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Journal of Obesity
Volume 2018 (2018), Article ID 1741962, 7 pages
Research Article

The Association between Obesity and Cognitive Function in Otherwise Healthy Premenopausal Arab Women

1Athlete Health and Performance Research, Aspetar Orthopaedic and Sports Medicine Hospital, Doha, Qatar
2School of Psychological Sciences and Health, University of Strathclyde, Glasgow, UK
3School of Applied Sciences, London South Bank University, London, UK

Correspondence should be addressed to Abdulaziz Farooq; moc.ratepsa@qooraf.demmahom

Received 6 November 2017; Accepted 30 January 2018; Published 8 March 2018

Academic Editor: Sharon Herring

Copyright © 2018 Abdulaziz Farooq et al. This is an open access article distributed under the Creative Commons Attribution License, which permits unrestricted use, distribution, and reproduction in any medium, provided the original work is properly cited.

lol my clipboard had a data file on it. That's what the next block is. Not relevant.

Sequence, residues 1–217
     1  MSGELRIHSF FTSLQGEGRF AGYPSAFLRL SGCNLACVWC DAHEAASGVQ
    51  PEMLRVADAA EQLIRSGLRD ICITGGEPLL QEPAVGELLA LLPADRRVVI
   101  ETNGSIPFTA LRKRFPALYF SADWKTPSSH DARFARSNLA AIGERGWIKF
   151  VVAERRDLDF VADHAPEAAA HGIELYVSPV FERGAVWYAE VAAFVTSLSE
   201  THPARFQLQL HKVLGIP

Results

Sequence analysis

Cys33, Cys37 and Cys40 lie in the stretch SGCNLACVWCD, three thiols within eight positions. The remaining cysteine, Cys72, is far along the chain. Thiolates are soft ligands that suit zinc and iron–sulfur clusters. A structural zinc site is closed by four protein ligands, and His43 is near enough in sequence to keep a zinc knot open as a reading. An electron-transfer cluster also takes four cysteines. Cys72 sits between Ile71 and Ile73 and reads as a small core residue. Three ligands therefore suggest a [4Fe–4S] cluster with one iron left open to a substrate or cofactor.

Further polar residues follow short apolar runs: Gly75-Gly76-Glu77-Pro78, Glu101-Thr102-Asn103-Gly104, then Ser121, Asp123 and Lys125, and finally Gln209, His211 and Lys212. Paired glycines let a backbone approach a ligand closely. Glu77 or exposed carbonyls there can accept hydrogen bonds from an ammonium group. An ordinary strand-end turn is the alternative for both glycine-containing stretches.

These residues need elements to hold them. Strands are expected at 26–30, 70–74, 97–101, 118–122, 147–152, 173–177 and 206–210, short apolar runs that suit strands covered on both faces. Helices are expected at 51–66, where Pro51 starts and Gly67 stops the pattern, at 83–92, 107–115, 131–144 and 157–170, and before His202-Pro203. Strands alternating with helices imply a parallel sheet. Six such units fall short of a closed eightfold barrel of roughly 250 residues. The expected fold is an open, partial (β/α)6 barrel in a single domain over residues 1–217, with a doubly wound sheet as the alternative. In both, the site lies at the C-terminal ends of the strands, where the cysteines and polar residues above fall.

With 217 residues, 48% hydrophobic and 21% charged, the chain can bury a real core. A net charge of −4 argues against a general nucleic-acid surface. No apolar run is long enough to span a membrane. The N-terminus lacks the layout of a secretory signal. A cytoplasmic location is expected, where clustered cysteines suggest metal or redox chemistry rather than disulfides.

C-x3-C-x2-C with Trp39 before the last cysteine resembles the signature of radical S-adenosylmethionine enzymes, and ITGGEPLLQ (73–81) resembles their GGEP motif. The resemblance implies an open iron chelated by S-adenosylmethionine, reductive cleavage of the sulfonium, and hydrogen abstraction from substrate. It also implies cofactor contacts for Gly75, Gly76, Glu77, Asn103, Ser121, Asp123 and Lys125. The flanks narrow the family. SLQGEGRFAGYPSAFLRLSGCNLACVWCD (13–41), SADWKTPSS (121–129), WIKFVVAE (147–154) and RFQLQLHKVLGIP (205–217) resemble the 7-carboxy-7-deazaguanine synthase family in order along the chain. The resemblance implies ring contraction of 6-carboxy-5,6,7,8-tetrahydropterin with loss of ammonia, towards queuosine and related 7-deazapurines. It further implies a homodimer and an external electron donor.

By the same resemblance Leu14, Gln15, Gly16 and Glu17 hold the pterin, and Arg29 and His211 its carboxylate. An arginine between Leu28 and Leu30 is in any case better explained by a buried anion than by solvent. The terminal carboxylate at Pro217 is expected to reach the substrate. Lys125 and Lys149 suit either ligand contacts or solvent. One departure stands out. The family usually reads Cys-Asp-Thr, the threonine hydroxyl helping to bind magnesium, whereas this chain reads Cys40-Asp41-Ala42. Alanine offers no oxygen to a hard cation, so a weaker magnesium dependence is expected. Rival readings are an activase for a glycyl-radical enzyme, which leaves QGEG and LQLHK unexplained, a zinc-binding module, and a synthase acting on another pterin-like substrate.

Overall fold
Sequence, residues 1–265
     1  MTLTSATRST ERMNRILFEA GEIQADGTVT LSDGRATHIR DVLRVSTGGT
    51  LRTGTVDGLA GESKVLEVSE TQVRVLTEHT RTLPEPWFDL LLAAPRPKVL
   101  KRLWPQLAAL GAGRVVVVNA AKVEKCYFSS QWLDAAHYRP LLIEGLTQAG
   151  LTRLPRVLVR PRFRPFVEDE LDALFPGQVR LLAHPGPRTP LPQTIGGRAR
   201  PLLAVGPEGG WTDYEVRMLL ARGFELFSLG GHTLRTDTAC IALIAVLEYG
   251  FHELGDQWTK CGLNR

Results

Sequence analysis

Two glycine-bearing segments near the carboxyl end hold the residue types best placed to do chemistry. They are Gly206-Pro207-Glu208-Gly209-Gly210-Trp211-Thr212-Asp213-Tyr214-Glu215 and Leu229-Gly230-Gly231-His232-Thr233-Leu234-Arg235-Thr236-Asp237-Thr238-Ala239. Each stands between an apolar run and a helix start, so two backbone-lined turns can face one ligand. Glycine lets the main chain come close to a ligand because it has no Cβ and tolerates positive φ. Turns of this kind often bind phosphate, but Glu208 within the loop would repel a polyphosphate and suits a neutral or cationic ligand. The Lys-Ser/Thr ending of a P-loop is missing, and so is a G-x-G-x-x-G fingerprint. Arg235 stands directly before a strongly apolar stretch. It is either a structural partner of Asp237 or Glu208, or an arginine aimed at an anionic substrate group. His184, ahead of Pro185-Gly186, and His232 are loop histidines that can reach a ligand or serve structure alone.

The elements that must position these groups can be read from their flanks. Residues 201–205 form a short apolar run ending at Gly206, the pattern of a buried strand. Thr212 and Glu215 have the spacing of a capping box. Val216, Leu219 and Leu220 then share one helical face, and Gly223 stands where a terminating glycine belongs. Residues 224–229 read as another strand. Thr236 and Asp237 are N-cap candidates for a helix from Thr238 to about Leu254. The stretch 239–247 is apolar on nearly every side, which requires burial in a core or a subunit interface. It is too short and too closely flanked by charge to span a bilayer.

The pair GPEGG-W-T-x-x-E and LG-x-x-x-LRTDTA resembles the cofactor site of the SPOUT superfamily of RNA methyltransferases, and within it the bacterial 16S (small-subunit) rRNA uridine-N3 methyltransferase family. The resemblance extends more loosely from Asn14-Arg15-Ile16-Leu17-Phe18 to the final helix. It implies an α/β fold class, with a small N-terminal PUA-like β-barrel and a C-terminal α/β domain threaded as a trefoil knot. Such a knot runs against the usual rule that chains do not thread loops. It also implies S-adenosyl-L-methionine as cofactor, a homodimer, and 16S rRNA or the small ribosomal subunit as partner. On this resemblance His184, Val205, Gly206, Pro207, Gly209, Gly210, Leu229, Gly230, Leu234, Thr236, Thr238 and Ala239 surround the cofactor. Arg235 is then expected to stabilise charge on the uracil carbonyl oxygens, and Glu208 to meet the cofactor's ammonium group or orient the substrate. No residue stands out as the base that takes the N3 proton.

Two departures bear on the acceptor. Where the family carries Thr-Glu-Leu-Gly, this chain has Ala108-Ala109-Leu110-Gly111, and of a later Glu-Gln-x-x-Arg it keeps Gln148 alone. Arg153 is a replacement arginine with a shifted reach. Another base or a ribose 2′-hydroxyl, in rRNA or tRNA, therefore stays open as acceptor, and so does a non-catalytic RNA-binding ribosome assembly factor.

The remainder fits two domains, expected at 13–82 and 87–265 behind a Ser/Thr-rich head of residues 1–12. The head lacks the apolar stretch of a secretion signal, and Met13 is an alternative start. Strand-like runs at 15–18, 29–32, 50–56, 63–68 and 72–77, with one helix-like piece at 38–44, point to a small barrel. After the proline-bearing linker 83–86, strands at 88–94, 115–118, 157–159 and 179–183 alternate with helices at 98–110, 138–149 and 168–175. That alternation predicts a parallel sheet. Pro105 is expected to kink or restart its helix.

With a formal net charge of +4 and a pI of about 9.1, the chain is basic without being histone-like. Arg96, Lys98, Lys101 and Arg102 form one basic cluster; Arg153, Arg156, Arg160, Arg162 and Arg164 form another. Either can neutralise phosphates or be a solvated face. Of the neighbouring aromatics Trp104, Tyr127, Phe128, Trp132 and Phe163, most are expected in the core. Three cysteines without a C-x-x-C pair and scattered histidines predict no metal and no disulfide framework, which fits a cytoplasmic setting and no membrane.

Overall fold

Objective. To examine the association between obesity and cognitive function in healthy premenopausal women. Methods. From a cohort of 220 women, 98 were randomly selected that provided complete data. Body composition was examined by dual-energy X-ray scan. All participants completed the Cambridge Neuropsychological Test Automated Battery (CANTAB) to assess cognitive performance in three domains: attention, memory, and planning executive function. The Reaction Time (RTI) test was used to assess motor and mental response speeds; the Stockings of Cambridge (SOC) test was used to assess planning executive function. For memory assessment, the Delayed Match to Sample (DMS), Pattern Recognition Memory (PRM), and Spatial Span (SSP) tests were used to assess forced choice recognition memory, visual pattern recognition memory, and working memory capacity, respectively. Results. 36 (36.7%) were morbidly obese, 22 (22.4%) obese, and 23 (23.5%) overweight. Performance on RTI and SOC planning ability were not associated with body mass index (BMI). DMS mean time to correct response, when stimulus is visible or immediately hidden (0 ms delay), was higher by 785 ± 302 ms (milliseconds) () and 587 ± 259 ms () in morbidly obese women compared to normal weight women. Memory span length was significantly lower in overweight (5.5 ± 1.3, ) and obese women (5.6 ± 1.6, ) compared to normal weight (6.7 ± 0.9). DEXA-assessed body fat (%) showed similar associations as BMI, and latency to correct response on DMS and PRM was positively correlated with percentage of body fat, but not with VO2 max. Conclusion. In otherwise healthy premenopausal women, obesity did not impact accuracy on cognitive tasks related to attention, memory, or planning executive function, but morbid obesity was associated with higher latency to correct response on memory-specific tasks and lower memory span length.